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Top-Notch Tips to Help You Rock Your First Arts and Craft Show

Image of Artwork at Craft Show - Image from Pixabay

Image via Pixabay

A craft fair is a great way to show off your artistic wares and make new connections. But if you've never been a vendor before, the whole experience can be overwhelming. Being prepared and having the right tools can help you have a fun (and profitable) experience. The Crooked Creek Art League is pleased to share what you need to know to ensure you rock it on your first run!

Track your wares

Craft fairs can be chaotic. There is an abundance of people and activity, so it's essential that you know what to expect and how to prepare. Check with the facility to see what will be provided and what you need to bring. Confirm any fees and figure out when you can begin setting up. Now's a good time to begin tracking expenses. There will be costs associated with your craft fair, but as explains, the good news is a lot of it is tax-deductible.

Keeping track of inventory can be one of the hardest parts of being on the road. Choose a software solution that is easy to use and helps you track your goods so you know exactly what you have. To capably run this software, you’ll need a tablet or smartphone with plenty of memory and power. New devices can run over $1,000, but you’ll spend less if you take advantage of sign-up offers from your wireless carrier.

Money matters

Your inventory will dovetail with your sales. This one may seem obvious, but you can't just go to a fair, sell your merchandise, and call it a day. The taxman wants their share. If you are an independent contractor (i.e., you don't work for anyone else), you will likely need to pay self-employment tax. Because of this, you will need to keep a detailed record of your sales.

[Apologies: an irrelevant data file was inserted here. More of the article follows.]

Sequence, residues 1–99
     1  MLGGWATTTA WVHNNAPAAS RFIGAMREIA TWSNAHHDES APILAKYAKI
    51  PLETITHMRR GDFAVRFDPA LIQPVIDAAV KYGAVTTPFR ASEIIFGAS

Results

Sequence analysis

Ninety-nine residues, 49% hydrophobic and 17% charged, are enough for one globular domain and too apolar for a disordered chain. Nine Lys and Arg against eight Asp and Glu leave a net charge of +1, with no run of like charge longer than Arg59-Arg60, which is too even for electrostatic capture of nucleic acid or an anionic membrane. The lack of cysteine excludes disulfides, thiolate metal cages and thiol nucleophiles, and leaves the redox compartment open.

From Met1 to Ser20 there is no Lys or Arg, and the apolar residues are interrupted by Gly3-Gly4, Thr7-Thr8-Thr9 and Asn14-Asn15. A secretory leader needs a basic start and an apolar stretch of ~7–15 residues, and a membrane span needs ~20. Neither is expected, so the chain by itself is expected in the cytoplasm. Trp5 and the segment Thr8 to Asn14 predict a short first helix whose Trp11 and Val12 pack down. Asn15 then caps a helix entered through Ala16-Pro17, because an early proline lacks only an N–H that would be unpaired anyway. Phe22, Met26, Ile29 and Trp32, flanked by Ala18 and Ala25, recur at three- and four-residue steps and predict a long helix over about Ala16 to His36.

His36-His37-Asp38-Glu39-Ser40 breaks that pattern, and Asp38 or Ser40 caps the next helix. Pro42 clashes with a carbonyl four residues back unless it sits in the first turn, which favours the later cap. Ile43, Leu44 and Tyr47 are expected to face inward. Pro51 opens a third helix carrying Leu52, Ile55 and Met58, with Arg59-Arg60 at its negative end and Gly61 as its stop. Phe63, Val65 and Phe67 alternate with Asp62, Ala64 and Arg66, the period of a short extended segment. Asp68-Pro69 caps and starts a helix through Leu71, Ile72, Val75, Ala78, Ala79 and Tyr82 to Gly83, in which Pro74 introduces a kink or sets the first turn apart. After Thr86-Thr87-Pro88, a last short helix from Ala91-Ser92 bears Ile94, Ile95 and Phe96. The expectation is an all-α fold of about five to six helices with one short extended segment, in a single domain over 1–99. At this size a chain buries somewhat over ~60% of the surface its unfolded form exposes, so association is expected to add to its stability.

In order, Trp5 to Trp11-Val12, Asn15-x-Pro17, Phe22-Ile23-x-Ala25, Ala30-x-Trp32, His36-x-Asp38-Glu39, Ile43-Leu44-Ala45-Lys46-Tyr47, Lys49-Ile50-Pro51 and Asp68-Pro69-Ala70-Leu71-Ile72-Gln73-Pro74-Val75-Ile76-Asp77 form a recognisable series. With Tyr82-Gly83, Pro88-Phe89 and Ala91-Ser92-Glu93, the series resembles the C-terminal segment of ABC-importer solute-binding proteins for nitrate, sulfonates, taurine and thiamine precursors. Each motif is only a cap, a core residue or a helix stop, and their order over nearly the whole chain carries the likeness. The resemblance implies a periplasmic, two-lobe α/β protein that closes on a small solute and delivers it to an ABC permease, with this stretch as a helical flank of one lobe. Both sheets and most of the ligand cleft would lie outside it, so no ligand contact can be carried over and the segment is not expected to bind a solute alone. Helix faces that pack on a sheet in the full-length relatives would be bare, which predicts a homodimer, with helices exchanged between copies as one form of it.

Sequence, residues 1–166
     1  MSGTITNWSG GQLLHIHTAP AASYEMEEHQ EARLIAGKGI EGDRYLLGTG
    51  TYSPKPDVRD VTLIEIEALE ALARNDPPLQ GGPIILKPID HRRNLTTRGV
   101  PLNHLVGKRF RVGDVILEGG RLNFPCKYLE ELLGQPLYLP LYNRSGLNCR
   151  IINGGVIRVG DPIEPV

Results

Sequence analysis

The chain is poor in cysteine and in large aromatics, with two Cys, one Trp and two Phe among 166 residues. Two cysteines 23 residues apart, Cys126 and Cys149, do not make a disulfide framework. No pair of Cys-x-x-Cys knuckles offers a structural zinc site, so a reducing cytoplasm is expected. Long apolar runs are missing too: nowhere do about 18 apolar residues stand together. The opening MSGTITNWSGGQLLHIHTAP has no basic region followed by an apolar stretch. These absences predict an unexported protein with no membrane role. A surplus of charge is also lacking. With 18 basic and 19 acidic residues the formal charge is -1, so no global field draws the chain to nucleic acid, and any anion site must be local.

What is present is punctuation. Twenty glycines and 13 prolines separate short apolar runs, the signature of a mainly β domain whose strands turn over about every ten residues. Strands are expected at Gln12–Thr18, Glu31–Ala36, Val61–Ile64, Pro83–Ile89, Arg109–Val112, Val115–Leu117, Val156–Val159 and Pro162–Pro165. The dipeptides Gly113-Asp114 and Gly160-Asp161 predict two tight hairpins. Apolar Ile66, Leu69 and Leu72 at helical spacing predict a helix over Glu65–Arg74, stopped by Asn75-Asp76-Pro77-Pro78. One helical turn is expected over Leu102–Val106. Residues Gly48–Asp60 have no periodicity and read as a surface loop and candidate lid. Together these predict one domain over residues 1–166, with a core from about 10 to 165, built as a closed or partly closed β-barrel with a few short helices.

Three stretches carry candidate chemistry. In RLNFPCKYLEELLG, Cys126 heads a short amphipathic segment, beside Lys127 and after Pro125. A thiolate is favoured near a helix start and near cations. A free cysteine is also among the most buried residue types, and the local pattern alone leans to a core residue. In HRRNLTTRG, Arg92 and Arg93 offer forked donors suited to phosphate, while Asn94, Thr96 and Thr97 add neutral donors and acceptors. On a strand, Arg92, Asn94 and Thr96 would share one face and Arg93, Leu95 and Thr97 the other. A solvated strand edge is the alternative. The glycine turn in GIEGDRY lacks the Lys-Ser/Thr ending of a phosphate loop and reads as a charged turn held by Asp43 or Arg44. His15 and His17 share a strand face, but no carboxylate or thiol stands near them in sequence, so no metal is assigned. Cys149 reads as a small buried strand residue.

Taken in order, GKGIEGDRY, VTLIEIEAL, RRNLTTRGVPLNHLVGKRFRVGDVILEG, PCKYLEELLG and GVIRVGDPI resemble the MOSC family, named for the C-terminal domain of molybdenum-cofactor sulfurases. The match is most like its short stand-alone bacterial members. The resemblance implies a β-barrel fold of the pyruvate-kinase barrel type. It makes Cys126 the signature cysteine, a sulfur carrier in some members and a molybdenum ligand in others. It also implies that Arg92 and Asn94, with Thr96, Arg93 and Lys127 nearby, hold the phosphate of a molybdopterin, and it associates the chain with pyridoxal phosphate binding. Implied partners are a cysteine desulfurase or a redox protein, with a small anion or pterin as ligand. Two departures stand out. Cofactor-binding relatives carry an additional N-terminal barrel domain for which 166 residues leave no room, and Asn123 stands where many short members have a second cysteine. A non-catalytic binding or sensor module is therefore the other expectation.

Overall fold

You also will be responsible for sales tax in many circumstances. Chron notes many vendors find it helpful to both themselves and their customers to include sales tax in the price. Don't forget the money-changing essentials like a cash box with spare change, a calculator, and a place to safely store cash.

For cash purchases, the simplest way to keep track of sales is a basic receipt book. A receipt log will allow you to quickly account for your sale and give the customer a record as well. Be sure to record the sale price and the date for accurate accounting. When it comes to addressing your budget, profitability, and ongoing payables and receivables, choose software that keeps things simple and straightforward.

Consider mobile credit card processing options that are all in one and reliable. Some will mesh nicely with popular accounting software options. And of course, ensure you have a reliable internet connection to keep sales flowing. A simple mobile Wi-Fi device is often your best bet, so you don’t have to worry about failed connections or slow service.

Goodies that pull it together

Beyond your product, make a list of everything you will need to bring. This may include a tent, a comfortable chair, and things to decorate your booth. You want to catch people's attention, but you don't want to spend your entire budget on your display. Resale shops, Craigslist, and even the dollar store are great for finding fun and simple decorations. Think through what your booth will look like, and then search for inexpensive ways to make it happen.

Depending on what you’re selling, you may wish to invest in display cases as well. Also, think about where you can stash boxes, a hand truck, and whatever else you need to get to and from your vehicle. Oftentimes this is as simple as draping inexpensive tablecloths over tables and stowing those essentials underneath.

A craft fair is a great opportunity to boost your sales and have fun. Like anything, preparation is key. With the right tools and a little hard work, your next craft fair is sure to be a success.


About the Author:

Abby Holt

Abby says "I’ve always been crafty, impressing my classmates and teachers with the best school project posters, creating my own Halloween costumes, and using my calligraphy skills to make some extra cash in college. I have a knack for seeing something and being able to replicate it, plus I always enjoy a challenge. Fast forward to the present and I’m still crafty as ever and putting my craftability to good use.

She created the website Craftability to inspire you to put your own crafting abilities to good use, whether it’s painting, jewelry-making, quilting, or calligraphy.

Abby is not connected nor affiliated with any of the links included in her article above.


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